In Human-Compute Interaction: Psychology as a Science of Design, John Carroll argues that “HCI is the visible part of computer science” that is “a science of design” which “seeks to understand and support human beings interacting with and through technology.” (p. 62). In the article, Carroll walks one through the creation of and changes to the HCI field.
HCI started as Software Psychology, which “tended to focus on unrepresentative situations” (p. 63) where researchers often did not understand much about a system’s intended users. (p. 64). Software Psychology presented two problems: to better describe and understand how design could be supported, and to better specify what psychology, social and behavioral science should contribute to HCI. (p. 64). From here, the field transitions to iterative development, with the lesson that “designers should always ‘plan to throw one away.’” (p. 64). Dreyfuss took this idea further, with the following ideas: “(a) early prototyping with (b) the involvement of real users, (c) introduction of new functions through familiar “survival forms,” and (d) many cycles of design iteration.” (p. 65). Next came Card’s GOMS (Goals, Operators, Methods, and Selection rules), which “provided a framework for systematically analyzing the goals, methods, and actions that compromise human-computer interactions.” (p. 66). These models provided the foundation for understanding consistency, as well as the idea of an active user “improvising, hypothesizing, trying to make sense of a very complex environment.” (p. 67)
With the realization that the user is an important part of HCI, the field began to earnestly integrate humans into software development starting around the 1980s. At this time, usability engineering emerged, with three key notions: “iterative development can be managed according to explicit and measurable objectives, called ‘usability specifications,’” “a call to broaden the empirical scope of design” in which users assisted in developing prototypes as opposed to becoming involved after prototypes were already created, and cost effectiveness. (p. 68-70). The 1990s brought design rationale, with Carroll and Rosson developing an approach “that considers systems to be ‘embodied’ social and behavioral claim about the needs, abilities, and activities of their users.” (p. 72). A prominent design rationale that most process-oriented approaches are based off of is the issue-based information system (IBIS), developed by Rittel. In IBIS, “design deliberations are described according to the issues that arise during the design process” as well as the pros and cons of positions raised in response to these issues. (p. 72).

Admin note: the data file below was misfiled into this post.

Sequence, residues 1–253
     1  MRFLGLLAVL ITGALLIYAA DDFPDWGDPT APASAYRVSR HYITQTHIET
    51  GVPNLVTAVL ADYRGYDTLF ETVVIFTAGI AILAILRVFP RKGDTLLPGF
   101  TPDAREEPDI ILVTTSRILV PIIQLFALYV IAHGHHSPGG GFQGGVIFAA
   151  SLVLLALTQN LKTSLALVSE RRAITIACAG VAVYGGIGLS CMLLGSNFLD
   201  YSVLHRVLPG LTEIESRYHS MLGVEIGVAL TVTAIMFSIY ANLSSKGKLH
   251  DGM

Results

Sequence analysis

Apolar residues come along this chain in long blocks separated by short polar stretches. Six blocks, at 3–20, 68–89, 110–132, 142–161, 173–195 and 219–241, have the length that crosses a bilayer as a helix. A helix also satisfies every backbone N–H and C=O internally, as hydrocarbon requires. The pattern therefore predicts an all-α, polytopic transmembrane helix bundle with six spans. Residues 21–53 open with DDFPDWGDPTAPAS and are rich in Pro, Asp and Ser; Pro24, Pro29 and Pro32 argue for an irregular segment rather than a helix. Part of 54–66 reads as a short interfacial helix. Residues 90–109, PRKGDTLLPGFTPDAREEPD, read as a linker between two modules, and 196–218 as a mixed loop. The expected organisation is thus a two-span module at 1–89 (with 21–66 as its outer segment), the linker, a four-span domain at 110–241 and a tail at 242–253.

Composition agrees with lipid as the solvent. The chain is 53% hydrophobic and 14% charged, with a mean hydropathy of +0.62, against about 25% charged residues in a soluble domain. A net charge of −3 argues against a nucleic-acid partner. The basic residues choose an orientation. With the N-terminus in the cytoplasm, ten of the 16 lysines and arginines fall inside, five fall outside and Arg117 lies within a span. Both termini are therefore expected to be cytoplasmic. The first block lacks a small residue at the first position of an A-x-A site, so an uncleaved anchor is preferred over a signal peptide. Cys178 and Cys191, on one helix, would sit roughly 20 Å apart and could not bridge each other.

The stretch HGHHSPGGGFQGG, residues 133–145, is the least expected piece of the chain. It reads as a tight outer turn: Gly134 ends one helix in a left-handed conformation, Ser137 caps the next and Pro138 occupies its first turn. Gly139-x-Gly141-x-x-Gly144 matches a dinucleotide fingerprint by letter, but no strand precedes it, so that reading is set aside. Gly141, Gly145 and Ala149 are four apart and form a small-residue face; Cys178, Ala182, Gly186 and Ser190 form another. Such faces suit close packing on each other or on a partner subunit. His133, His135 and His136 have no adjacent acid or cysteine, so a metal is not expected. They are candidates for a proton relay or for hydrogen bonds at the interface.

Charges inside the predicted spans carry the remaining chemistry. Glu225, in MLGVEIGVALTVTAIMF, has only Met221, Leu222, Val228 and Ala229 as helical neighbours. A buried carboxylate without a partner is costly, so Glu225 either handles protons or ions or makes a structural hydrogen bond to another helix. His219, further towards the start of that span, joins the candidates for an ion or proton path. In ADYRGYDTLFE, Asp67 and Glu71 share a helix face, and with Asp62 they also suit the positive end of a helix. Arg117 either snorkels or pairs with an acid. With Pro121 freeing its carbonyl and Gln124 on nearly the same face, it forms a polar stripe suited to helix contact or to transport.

As the interest in computing grew, HCI changed from being rooted in cognitive psychology to being assisted by sociologists and anthropologists, who urged “a stronger social and contextual orientation.” (p. 74). HCI had been spearheaded by the U.S. and Britain, but now was beginning to involve other countries. Activity theory, influenced by Vygotsky, proposed that computing is more of an activity system, or a tool by which people make themselves. (p. 75). This marked a shift from “characterizing static and individual competencies to characterizing how people can negotiate with the social and technological environment to solve problems and learn.” (p. 75).
Carroll predicts three technical themes for the 2000s: that the engineering scope of HCI will broaden beyond user interface interactions, HCI success in general applications will prompt more domain specific work, and HCI will continue to have an impact on the field of Psychology. (p. 77).